Cigar ratings - so what are they all about?
You look at a website full of new world cigars, in big bold (sometimes flashing letters) it says rated xx by a certain publication. But what does that actually mean and should you take any notice of it. Today we’re going to dive into the world of cigar ratings and find out!
If you smoke cigars in the UK you’ve probably heard of Cigar Aficionado magazine, if you haven’t you should check it out, it is after all the biggest selling cigar magazine in the world from the USA. You may not however have heard of Cigar Journal, a European published magazine originally intended for cigar trade only readers, but increasingly gaining traction with the normal cigar smoker in the UK due to it’s in-depth cigar only content. On the web Halfwheel and Blind Man’s Puff are also big players in the cigar rating game. So rating cigars, what’s it all about?!
Firstly let’s be honest, the IPA I love, you may hate, the wine, whisky or rum I love you may love or hate. You see the human palette is subjective, that said, I can taste a beer or wine that I personally don’t like, but still tell it’s good quality, it’s just not to my liking. In new world cigars I will give you a perfect example. The Oliva Serie V Melanio was rated 96 by Cigar Aficionado, it is loved the world over, sells tens of thousands a year and yet I’m in a minority who think it’s a god awful cigar… The cigars construction is flawless, its draw is flawless, it’s burn line is flawless, everything about this cigar is flawless, yet to me it’s like smoking a hot sweaty cowboys leather jock strap after he’s been in the saddle all day… So if all our tastes are so different, should we be interested in a magazine or website’s rating of a cigar? Yes, especially if it has been reviewed by a panel, it could save you a fortune, or kissing a lot of frogs trying to find the next perfect cigar for you!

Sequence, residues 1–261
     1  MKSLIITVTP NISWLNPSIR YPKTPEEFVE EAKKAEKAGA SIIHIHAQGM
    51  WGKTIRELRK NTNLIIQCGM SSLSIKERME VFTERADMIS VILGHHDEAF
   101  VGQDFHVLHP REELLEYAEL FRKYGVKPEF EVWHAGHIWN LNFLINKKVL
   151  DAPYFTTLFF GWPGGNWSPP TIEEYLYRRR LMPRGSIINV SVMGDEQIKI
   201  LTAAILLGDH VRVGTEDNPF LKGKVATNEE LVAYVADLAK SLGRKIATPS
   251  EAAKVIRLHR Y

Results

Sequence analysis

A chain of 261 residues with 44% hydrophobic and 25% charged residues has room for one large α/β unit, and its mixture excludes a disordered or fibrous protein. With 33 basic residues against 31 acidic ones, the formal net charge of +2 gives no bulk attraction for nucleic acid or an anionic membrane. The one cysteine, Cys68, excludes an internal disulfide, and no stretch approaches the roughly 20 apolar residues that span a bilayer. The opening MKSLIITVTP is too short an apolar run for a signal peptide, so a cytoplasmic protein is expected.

Why is a panel important? A panel smoothes out personal preferences if the scoring system has several dimensions to it. Back to my Oliva example, if I were on a panel and there were 3 scores (simplified to make the point) build, draw and flavour I would score it 10, 10 and 2 but the next judge may score his 9, 8, 10. Panels remove the element of personal taste by arriving at an average score. So does a high score guarantee you will like a particular cigar? No, it may not be to your personal taste, but it does tell you that it is better or worse than average (and these guys and girls taste a lot of cigars) and that there is a better chance than not, that you will like it. It also tells you if it is a quality product.
In a future blog I will dive a little deeper into the 4 well known reviewers methods to help you understand more. For now though in short hand here’s what the scoring brackets from each mean. Next time you see a new world cigar that has one of these 4 scores against it try it - I won’t guarantee you’ll like it, but there’s a good chance you will. And if you want to test your tastes against some of the cigar world’s leading cigar judges have a look at some of the top rated new world cigars we have in stock - are they right or wrong?!
Cigar Aficionado scores cigars on its 100-point scale as the following: 95-100 = Classic; 90-94 = Outstanding; 80-89 = Very Good to Excellent; 70-79 = Average to Good Commercial Quality; and 0-69 = Don’t Waste Your Money. Scores of 90 points or higher get attention from retailers and consumers.
HALFWHEEL is scored by individuals not a panel but has been producing very well respected cigar reviews for may years, rating scale as follows:
The three points are:
88 — Reviewer can recommend a box purchase.
86 — Reviewer can recommend a purchase of between three and five cigars.
84 — Reviewer can recommend a single cigar purchase.
Cigars scoring 83 and below are not inherently bad cigars, rather, that specific reviewer chooses not to recommend that specific cigar at this time.
Blind Man’s Puff, panel review, rating scale as follows:
99-100 = Epic
96-98 = Extraordinary
94-95 = Excellent
92-93 = Great
90-91 = Very Good
88-89 = Good
84-87 = Fair
82-83 = Subpar
79-81 = Mediocre
75-79 = Poor
70-74 = Bad
below 70 = unsmokable
Rated 95 by Cigar Aficionado, the Aging Room F55 Stretto - check them out!
The Don Lucas Classic Robusto rated 92 by Blind Man's Puff - we've got them here
The Rocky Patel ALRII rated 94 by Cigar Aficonardo and we have them here